Jones: We’ll fish from 260 to 300 feet of water. When we fish deep, we’ll catch bigger white snapper than we’ll catch on the Trysler Grounds, 2- to 3-pound vermilion snapper (beeliners), 15- to 30-pound grouper, depending on the species of grouper we catch, and sometimes a wahoo while trolling on the way out or on the way back from our trip. Our average-sized wahoo will weigh 35 to 40 pounds. The wahoo is one of the best-eating fish we catch in the Gulf of Mexico. The king mackerel we’ll catch on those longer trips will weigh from 25- to 30-pounds each. If we’re fishing during snapper season, which we will be in June, July and until August 15th, the snapper will weigh from 10- to 18-pounds each. We’ll be fishing in the Red Snapper World Championship (RSWC) the next couple of months, and I have the coordinates of several artificial reefs locations that I’ve been saving all year for the RSWC to try to catch the biggest snapper we can.

Question: What size reefs do you have to fish to catch those big snapper?
Jones: You’d be surprised, but we’ve caught big snapper on big and little reefs. I spotted one of the biggest red snapper I’ve ever seen in the Gulf of Mexico on an underwater chicken coop that almost was rusted all the way to the bottom. I’m a scuba diver, as well as a charter-boat captain, and I like to dive and see what the fish are holding on and how they’re positioned on a wreck or a reef. I couldn’t believe that big snapper was holding on that little, almost-gone chicken coop. Although big red snapper tend to prefer large structures, I’ve seen them holding on structure not much bigger than a Coca-Cola can.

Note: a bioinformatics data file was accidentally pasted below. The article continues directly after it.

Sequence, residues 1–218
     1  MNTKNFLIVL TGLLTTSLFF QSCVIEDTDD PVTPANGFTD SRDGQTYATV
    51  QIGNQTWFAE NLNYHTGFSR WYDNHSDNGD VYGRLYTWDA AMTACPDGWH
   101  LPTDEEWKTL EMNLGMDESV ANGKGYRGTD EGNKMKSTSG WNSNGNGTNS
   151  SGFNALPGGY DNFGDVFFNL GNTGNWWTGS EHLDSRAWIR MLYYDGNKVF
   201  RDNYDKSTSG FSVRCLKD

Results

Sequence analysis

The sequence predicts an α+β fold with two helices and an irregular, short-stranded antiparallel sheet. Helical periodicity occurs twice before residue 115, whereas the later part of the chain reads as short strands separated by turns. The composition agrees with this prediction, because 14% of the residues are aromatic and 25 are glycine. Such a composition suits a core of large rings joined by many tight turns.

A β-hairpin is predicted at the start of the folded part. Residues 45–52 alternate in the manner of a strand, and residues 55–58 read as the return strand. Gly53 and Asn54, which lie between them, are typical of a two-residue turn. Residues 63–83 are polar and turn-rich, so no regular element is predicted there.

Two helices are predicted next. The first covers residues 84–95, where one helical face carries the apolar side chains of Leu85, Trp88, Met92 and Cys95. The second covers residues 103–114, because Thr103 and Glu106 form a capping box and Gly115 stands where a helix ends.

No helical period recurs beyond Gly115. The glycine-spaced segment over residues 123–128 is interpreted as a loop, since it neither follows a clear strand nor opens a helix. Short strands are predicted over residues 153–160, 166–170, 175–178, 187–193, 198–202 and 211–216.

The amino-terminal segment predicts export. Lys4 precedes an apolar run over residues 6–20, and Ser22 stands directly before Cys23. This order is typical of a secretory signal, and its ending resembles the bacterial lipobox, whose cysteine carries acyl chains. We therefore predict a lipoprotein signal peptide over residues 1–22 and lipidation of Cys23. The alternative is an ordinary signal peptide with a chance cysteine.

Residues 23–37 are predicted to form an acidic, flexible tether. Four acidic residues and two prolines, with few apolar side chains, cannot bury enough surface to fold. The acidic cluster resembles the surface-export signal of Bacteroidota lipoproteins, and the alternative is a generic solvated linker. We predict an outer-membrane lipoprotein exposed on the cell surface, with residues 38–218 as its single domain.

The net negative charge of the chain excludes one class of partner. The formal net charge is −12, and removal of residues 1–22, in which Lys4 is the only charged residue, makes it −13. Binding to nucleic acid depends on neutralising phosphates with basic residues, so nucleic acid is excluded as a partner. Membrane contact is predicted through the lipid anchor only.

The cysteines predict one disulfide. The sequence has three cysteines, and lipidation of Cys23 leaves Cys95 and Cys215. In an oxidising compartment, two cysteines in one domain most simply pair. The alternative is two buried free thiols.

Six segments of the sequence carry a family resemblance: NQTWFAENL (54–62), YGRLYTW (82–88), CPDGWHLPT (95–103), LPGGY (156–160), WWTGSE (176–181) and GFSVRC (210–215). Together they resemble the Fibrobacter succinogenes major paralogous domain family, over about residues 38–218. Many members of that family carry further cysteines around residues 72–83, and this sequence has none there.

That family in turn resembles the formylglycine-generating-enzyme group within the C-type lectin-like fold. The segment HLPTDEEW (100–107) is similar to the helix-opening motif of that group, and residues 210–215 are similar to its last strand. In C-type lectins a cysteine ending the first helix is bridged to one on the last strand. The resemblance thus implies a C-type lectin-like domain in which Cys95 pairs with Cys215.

Question: What else do you see when you scuba dive?
Jones: There are plenty of fish on every reef. It’s unbelievable how many fish these artificial reefs in the Gulf of Mexico are holding. I dove on the Escambia Bay bridge rubble, which was only 80-feet deep, and found a number of coral, vermilion snapper, scamp, gag grouper, snapper, amberjacks and other fish. When you scuba dive on these reefs, you can see fish you may not generally catch. In the late summer, we go out to the Trysler Grounds and catch shovel-nosed lobsters. Since the reef is in 120 feet of water, you only have 7 to 8 minutes to stay on the bottom, so you may only catch two or three per dive.

Question: How big are the lobsters you catch?
Jones: They usually weigh about 2-pounds each. I’ve heard there are spiny lobsters on the Trysler Grounds, but I’ve never seen one. I don’t believe our fishermen know how many fish are holding on the reefs our charter-boat captains fish. But from scuba diving, I know our reefs are loaded with fish, and that’s why even on a 4- or a 6-hour trip, we can keep our customers’ poles bent and fish coming to the boat.

To fish with Captain Davy Jones, visit, or call 251-747-2702. . For more information about restaurants, lodging, amenities and places to go and see, visit, and call 800-745-SAND.

Tomorrow: Do It All in June on Alabama’s Gulf Coast with Captain Chip Day

Check back each day this week for more about "Summertime Fishing on the Gulf Coast"

Day 1: Inshore Fishing with Captain Dennis Treigle
Day 2: Catching Speckled Trout and Mackerel with Captain Dennis Treigle
Day 3: Offshore Party-Boat Fishing with Captain Davy Jones
Day 4: Do It All in June on Alabama’s Gulf Coast with Captain Chip Day
Day 5: Deep Water and Big-Game Trips with Captain Chip Day


Entry 511, Day 3